The writing has been on the wall. On a sign. Above E Pine. Capitol Hill institution Travelers Tea Co. has lived its recent life under a “for lease” advertisement for more than a year. CHS has learned that the time has come for change. Eric Logan of E Pike’s Gamma Ray Games says he will open a new gaming cafe in the Travelers location by mid-August.
“We tried to find a unique space and I decided to jump now before too many others realize what an opportunity this is,” Logan said.
Across the street, the new Terravita apartments and retail spaces are finishing construction. Once a key restaurant tenant falls into place, the smaller spaces will likely fill in, too. Logan’s space on E Pine is secure.
For Travelers, the change comes as fans of the funky provider of thali, chai and good karma have rallied to raise money to help cover medical expenses for one of the cafe’s owners — and one year from our news that the boutique, market and cafe was branching out to Beacon Hill in a bid to start a second location as things became uncertain with their new landlord on E Pine, Ron Amundson.
With the “for lease” sign above his head, Travelers owner Allen Kornmesser continued on in the location his business has called home since 1998. Now the days for Travelers on E Pine are officially numbered.
We’ve reached out to Travelers management for more information on the situation but our messages have not yet been returned.
On Tuesday, CHS reported that another of Capitol Hill funkier cafes, Faire on E Olive Way, was also going out of business.
The new gaming cafe will be an offshoot of the original Gamma Ray Games. The store will continue to operate as a retailer of strategy and board games on E Pike but use of its upstairs gaming space will shift over to the new E Pine cafe where Logan is planning things to be very bright and the music, quiet.
Game nights at other area bars and restaurants will also be absorbed by the new cafe.
Logan, who readily admits he has zero restaurant experience, hopes the menu will be affordable and provide variety for regular gamers who sometimes spend multiple nights a week doing battle with dice, cards and plastic game pieces. Beer and wine will be served. Requests from gamers for a full bar are being considered but are probably not likely. Food will be served on — literrally — small plates to maximize play space at tables.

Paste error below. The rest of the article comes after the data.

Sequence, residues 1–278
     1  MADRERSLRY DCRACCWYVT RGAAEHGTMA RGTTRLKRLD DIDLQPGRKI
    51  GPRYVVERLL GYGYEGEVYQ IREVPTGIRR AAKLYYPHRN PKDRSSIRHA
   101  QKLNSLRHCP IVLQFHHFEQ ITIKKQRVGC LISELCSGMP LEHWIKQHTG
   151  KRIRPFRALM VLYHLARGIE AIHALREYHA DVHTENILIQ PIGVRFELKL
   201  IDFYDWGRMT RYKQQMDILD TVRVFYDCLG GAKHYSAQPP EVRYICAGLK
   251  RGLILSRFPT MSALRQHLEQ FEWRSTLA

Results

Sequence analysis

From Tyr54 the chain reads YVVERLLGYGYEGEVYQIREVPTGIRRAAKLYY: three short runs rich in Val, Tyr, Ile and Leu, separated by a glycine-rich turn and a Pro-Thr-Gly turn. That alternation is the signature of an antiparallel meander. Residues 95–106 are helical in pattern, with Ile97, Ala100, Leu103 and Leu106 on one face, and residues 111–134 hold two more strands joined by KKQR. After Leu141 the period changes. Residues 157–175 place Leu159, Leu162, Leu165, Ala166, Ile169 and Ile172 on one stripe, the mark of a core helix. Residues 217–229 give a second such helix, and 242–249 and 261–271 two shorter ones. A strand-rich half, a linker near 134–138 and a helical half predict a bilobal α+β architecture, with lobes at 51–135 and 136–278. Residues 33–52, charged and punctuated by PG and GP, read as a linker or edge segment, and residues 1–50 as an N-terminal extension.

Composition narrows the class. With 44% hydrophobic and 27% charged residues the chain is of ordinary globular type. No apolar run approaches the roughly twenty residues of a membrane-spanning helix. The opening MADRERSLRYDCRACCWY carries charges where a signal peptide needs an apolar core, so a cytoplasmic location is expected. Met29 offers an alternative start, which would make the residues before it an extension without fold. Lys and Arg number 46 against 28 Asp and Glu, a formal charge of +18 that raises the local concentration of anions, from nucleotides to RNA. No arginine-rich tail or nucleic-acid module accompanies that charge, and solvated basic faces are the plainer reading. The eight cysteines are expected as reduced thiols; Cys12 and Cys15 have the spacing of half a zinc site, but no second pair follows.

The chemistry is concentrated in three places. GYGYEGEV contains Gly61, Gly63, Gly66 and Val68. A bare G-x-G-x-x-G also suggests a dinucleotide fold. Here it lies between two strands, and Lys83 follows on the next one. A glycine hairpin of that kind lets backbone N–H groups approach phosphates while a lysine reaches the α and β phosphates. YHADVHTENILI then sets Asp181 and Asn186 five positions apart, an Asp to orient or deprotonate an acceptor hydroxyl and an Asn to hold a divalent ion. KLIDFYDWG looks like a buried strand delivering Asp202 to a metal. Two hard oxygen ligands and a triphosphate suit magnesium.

“The cafe will be basically be a large play space,” Logan said.
He’s still noodling on names. Could be The Raygun Cafe. Could be Game Bar. The plan is to be open by mid-August following an overhaul of the space and just in time for the cafe to host its first big event planned around the start of this year’s Penny Arcade Expo.
“Our three year anniversary is June 15th,” Logan said of biting off the new project. “We’re ready. The first year we had no idea how it was going to go. The second year was going well but we were like ‘We don’t want to risk it.'”
Confidence gained in those three years plus a wave of successful ventures with similar models including Ballard’s Mox Cafe have convinced Logan that he’s ready to advance his Capitol Hill born and bred business to a new space on the board.
“This is yet again a bold risk,” Logan said. “I know as little about opening a cafe as I did about opening a store”